My colleague, a hard core carnivore from Brazil, felt the need to reassure me that he had not become a vegan in spite of surviving for several days, against all the odds, on gallons of luminous green juice, meat free salads and other chlorophyl rich meals. Forensic testing failed to reveal any traces of animal protein in his diet, authenticating his remarkable display of self control. What had motivated my colleague? It transpired that he had been influenced by a documentary about the horrors of the meat production industry.
In contrast to earlier times, when apparently nobody cared about the health or ethical consequences of what they ate, the media bombard us with advice from so-called experts about what we should eat, delivered in the form of books, television programmes and commercials, websites and newspaper articles. Nutrition has become a behemoth of an industry, driven far more by commercial forces than sound science. It continues to be one of the most popular topics of conversation in the workplace, the pub and at home.
Those who express guilty pleasure when shovelling down sugar rich cakes covered in deadly icing or filled with choux creme apparently embrace the new “principles” of nutrition. At the same time they often struggle to apply them, complaining that healthy eating is virtuous but boring and lies beyond the formidable barrier of temptation. “I’m so bad” they say, half believing it.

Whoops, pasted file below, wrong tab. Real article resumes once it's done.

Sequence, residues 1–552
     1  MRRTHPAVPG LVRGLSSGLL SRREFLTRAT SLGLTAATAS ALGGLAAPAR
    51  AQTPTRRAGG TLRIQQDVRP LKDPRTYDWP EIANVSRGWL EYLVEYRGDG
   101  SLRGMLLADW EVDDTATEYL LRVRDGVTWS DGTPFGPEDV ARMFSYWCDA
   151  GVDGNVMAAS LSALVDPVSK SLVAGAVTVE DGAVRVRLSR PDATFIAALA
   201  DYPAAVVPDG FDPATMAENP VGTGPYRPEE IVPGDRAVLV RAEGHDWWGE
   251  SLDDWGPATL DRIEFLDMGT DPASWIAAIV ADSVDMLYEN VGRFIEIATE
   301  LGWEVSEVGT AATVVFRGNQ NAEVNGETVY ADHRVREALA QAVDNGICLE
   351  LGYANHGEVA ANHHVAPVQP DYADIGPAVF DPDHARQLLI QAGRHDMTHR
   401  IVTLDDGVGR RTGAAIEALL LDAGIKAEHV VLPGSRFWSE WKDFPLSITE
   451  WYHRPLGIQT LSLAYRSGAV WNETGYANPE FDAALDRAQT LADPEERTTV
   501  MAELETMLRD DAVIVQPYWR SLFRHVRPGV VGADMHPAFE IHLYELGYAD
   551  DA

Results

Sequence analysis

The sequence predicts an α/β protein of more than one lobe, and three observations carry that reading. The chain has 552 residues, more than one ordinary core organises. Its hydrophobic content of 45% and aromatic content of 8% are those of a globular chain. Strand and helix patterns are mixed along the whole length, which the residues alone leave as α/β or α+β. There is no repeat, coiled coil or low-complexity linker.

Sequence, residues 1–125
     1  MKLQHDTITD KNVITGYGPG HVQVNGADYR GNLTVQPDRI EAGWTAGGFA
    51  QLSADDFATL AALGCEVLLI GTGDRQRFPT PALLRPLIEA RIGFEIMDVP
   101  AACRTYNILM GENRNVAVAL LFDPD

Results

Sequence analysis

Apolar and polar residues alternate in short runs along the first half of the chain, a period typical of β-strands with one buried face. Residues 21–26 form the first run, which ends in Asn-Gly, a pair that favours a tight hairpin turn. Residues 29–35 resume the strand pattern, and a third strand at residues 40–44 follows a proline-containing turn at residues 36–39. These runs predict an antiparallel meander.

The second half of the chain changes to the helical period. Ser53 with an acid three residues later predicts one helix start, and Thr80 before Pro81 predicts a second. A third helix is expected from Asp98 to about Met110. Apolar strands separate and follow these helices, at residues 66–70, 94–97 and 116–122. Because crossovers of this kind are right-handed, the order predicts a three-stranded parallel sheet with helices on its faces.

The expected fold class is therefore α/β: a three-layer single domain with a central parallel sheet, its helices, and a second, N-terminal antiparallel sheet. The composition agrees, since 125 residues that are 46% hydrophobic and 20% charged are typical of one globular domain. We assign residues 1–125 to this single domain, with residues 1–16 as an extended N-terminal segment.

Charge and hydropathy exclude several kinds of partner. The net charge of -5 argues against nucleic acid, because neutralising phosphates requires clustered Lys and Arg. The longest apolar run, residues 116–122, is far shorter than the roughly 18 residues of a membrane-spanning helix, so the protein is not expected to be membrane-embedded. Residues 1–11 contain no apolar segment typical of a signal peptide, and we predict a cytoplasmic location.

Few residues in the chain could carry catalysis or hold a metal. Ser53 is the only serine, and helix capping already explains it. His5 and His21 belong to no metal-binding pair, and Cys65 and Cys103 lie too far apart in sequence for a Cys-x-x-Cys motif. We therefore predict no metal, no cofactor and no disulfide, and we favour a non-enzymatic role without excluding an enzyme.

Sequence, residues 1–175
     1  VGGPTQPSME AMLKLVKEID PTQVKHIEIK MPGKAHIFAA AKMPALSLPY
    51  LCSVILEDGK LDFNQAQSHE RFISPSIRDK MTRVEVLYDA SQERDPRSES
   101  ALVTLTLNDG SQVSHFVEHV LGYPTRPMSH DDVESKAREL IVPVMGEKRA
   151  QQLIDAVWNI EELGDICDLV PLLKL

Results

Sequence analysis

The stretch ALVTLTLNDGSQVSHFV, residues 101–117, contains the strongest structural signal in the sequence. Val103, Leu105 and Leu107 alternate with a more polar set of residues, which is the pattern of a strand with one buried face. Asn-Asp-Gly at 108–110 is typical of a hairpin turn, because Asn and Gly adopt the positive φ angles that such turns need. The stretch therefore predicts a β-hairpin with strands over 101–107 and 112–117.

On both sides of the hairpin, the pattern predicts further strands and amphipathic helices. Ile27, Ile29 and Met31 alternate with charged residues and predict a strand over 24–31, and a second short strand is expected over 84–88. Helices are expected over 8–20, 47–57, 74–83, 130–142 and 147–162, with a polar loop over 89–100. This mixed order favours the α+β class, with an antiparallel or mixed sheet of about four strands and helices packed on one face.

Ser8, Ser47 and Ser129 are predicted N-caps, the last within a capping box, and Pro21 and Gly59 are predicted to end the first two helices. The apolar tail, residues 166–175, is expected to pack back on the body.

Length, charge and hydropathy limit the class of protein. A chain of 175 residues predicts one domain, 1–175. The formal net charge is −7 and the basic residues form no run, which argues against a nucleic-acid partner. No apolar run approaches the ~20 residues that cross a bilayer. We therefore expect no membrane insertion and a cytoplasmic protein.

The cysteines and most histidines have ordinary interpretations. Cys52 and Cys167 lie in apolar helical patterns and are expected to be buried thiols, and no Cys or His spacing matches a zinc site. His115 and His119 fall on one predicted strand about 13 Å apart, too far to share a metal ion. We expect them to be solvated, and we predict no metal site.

Having been fascinated with human anatomy and physiology from the age of eight and taking a keen interest in nutrition in later years, I find that I am shifting emphasis from the science of nutrition to the experience of eating. This has come about not through any rejection of the validity of scientific method, which I wholeheartedly support, but from realising that the physiology of nutrition is a field of infinite complexity, especially when viewed in the context of the diversity of individuals. Instead of trying to maintain a complicated system of nutrition, prone to change with every new research study, I have simplified my approach to a set of four basic guiding principles grouped around a single philosophical tenet.
Here are my gastronomic guidelines. Eat high quality, natural food that has undergone the least processing and contains the fewest additives. Include small amounts of organically raised meat and fish on special occasions, having given earnest consideration to animal welfare and the sustainability of marine life. Consume plenty of brightly coloured vegetables and fruit, with a fair proportion eaten raw. Supplement your food with moderate amounts of natural fats like butter, organic coconut oil, and cold pressed virgin olive and rapeseed oils. As a central principle, take your time over the preparation and consumption of meals, sharing the occasion with family and friends.
When deciding what to eat and in what quantity, throw the calorie calculator in the bin, ignore the self-professed experts and listen, very carefully, to your body. The Knot Garden tells us that eating should always be a guilt-free pleasure and that meals are best enjoyed with others as a celebration of life. Approach your dinner with a feeling of gratitude. And, above all, ask your body about the type of food you should eat. It is the only true expert on nutrition.